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1972 Paul E. Garbutt Station Size Map of the London Underground

London Transport. Underground. - Main View

1972 Paul E. Garbutt Station Size Map of the London Underground


Garbutt return's the Underground Map to Beck's Values.


London Transport. Underground.
  1972 (dated)     39 x 50 in (99.06 x 127 cm)


A c. 1972 large format map of the London Underground as drawn by Paul E. Garbutt made for in-station display. This map, or rather schematic transport diagram, is drawn on the c. 1930s Harry Beck model. In 1960, when the Victoria Line was introduced, the classic Beck map had to be redrawn. The job fell to publicity artist Harold Hutchison, who redesigned the Beck map, replacing Beck's curves with unpopular angles and square interchanges. The map was so unpopular, that in 1962 London Transit worker Paul E. Garbutt, again redesigned it, returning to the Beck style, but retaining some of Huchinson's ideas, including black rings for interchanges and lower-case text for non-interchange stations. Around this time Garbutt also introduced the distinctive bottle shape of the Circle Line which, years later, Absolute Vodka was able to leverage for some clever advertising. This version of the underground map was prepared in 1972 and includes plans to extend the Piccadilly Line to Hattan Cross and Heathrow Airport, a project that was not completed until 1977.
Census and Publication History
This map was designed by Paul. E. Garbutt and issued by Waterlow and Sons in 1972. While vintage Underground maps are not uncommon, large format station display maps, like the present example, are rare on the market.


Paul E. Garbutt (1919 - 2008) was an English railroad man and transit worker active in the middle part of the 20th century. Garbutt was born in Westcliff-on-Sea. After graduating from school in 1934, he took work with the London, Scotland, and Midland Railway. After World War II, he transitioned to the London Underground. Garbutt is credited with redesigning the London Underground map in 1962 to conform stylistically to the conventions established by Harry Beck in 1931. He can also be credited with the distinctive bottle shape of the Circle Line. Learn More...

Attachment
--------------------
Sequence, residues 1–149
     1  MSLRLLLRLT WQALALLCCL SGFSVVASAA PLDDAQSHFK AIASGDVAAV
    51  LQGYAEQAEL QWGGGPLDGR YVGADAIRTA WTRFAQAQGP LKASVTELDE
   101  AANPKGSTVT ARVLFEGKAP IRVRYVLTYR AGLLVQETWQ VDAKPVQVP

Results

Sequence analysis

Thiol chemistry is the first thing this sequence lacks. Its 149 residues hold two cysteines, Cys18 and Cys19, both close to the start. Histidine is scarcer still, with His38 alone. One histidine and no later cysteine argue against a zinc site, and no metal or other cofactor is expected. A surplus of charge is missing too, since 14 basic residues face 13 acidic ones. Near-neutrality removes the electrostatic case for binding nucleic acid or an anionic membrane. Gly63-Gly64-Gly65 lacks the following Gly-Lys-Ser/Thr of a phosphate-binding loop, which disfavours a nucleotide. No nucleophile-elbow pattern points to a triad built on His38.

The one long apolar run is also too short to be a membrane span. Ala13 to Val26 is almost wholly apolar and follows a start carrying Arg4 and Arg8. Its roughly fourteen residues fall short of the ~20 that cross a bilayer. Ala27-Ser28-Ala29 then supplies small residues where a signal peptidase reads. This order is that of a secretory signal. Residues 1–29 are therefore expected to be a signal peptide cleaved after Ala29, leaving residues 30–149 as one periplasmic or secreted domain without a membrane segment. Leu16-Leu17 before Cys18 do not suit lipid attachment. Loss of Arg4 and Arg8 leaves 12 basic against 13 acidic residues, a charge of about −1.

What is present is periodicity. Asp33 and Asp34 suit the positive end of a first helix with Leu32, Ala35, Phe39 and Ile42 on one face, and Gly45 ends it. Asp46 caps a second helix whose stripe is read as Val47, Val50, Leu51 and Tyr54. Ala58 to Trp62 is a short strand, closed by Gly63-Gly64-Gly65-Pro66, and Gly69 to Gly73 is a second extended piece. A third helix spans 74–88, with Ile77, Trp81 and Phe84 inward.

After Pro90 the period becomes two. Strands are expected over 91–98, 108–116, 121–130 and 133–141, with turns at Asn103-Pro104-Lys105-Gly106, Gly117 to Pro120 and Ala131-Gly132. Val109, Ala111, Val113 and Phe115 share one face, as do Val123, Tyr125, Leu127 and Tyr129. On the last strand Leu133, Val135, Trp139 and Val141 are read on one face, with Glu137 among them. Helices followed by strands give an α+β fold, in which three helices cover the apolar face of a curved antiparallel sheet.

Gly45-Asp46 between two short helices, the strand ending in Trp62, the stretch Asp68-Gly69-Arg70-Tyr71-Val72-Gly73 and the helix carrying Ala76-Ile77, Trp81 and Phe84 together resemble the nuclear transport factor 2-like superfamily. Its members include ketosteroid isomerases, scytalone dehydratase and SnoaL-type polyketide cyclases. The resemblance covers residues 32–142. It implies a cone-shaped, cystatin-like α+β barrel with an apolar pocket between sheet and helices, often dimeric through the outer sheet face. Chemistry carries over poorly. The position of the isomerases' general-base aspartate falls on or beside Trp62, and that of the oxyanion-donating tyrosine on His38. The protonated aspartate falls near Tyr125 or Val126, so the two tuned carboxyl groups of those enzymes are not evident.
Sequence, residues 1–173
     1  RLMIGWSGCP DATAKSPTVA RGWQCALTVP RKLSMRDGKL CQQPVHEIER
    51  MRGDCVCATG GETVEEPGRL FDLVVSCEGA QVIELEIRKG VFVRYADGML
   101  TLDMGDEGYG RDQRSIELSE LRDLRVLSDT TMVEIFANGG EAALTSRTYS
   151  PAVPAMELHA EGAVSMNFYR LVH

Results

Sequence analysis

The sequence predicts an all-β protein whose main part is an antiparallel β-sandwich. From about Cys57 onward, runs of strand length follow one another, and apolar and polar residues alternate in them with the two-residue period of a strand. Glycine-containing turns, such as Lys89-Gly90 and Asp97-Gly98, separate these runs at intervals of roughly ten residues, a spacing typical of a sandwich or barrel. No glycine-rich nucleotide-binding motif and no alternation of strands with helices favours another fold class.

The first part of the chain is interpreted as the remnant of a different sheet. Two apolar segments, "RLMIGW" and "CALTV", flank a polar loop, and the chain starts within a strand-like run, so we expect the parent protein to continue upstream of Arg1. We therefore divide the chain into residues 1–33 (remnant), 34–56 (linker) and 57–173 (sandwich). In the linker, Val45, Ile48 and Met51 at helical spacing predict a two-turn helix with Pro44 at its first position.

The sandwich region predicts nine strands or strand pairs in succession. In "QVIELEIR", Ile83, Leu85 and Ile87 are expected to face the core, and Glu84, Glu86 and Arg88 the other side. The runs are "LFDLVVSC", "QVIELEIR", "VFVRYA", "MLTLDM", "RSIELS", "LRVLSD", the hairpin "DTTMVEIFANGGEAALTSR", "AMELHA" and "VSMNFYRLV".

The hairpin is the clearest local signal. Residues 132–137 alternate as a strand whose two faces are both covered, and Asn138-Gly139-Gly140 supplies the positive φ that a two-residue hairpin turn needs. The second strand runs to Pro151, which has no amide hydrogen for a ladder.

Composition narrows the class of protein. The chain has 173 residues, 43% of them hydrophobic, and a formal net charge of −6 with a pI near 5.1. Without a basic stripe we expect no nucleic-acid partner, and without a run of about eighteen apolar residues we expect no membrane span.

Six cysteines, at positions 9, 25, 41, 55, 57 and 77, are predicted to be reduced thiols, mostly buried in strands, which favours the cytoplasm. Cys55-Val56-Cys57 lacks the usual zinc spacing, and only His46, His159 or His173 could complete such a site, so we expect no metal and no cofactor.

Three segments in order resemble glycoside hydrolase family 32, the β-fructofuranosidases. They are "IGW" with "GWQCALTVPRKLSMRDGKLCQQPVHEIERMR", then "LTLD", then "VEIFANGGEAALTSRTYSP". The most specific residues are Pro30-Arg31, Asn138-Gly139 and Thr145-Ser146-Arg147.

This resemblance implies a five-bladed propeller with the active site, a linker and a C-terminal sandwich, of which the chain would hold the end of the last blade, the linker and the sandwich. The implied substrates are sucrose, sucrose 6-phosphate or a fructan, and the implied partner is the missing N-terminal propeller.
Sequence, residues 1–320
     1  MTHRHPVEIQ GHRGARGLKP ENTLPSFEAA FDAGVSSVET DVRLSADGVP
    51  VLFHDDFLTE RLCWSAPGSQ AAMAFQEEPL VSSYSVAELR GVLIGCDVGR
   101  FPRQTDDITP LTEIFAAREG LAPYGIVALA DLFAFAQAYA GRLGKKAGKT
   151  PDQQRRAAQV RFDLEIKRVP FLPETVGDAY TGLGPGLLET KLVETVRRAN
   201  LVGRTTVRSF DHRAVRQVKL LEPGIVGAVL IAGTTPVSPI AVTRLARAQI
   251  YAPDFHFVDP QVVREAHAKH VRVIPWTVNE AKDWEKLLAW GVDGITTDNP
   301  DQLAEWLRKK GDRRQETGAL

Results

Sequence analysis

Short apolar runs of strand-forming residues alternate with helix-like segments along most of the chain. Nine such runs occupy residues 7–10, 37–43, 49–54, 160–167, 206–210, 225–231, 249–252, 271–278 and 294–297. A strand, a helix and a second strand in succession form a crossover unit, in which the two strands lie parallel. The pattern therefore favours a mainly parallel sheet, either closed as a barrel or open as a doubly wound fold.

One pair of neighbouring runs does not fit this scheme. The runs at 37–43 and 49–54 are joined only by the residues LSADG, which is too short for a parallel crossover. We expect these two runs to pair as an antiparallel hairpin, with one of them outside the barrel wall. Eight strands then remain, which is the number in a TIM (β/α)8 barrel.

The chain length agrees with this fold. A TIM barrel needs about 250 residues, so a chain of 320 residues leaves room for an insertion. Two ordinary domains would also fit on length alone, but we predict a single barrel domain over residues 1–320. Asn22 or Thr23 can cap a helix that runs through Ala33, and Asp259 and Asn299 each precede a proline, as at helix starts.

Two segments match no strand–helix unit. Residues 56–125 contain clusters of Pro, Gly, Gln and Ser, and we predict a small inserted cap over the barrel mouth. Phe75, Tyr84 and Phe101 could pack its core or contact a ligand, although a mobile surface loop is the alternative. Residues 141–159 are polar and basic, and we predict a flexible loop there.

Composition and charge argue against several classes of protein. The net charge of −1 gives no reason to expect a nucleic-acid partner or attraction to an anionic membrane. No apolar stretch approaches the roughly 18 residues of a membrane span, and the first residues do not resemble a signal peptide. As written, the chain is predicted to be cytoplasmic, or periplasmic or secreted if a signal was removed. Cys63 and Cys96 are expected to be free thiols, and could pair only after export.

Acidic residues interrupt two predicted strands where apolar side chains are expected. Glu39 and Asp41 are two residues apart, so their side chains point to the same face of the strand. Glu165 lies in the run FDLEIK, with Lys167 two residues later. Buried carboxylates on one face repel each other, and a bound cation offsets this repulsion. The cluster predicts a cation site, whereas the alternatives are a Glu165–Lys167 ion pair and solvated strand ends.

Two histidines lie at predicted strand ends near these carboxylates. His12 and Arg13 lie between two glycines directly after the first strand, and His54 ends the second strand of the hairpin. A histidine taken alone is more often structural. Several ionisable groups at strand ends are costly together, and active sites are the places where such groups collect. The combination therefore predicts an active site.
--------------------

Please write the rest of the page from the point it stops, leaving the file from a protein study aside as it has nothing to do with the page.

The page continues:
Waterlow and Sons (1810 - 1961) was a British engraving and printing concern active in London specializing in currency, postage stamps, bond certificates, and occasionally maps. The firm was founded by James Waterlow (1790 - 1876) in 1810 on Birchin Lane, London, as a legal document printer and copyist. By 1852, they had expanded into stamps and his sons, Albert, Alfred, Sydney, and Walter joined the business. One year after James Waterlow's death, in 1877, infighting among the sons led Alfred Waterlow to split off, forming Waterlow Brothers and Layton. The rift was settled by 1920, and the two firms once again merged under the Waterlow and Sons imprint. They were involved in the Portuguese Bank Note Affair of 1925, wherein the Portuguese fraudster Artur Virgílio Alves Reis convinced the firm to print 200,000 banknotes of 500 Portuguese Escudos each, amounting to roughly 88% of Portugal's GDP. The affair was settled in court with a ruling against Waterlow. In 1928, Waterlow lost its most lucrative contract, printing English banknotes, and began to fall into decline. In 1961, they were acquired by Purnell and Sons who, shortly afterwards, sold the firm to De La Rue. Ironically, De La Rue acquired the contract to print Bank of England banknotes again in 2003 – 75 years after Waterlow lost it! Learn More...


Good. Some toning. A few minor verso reinforcements. Some creasing from folding.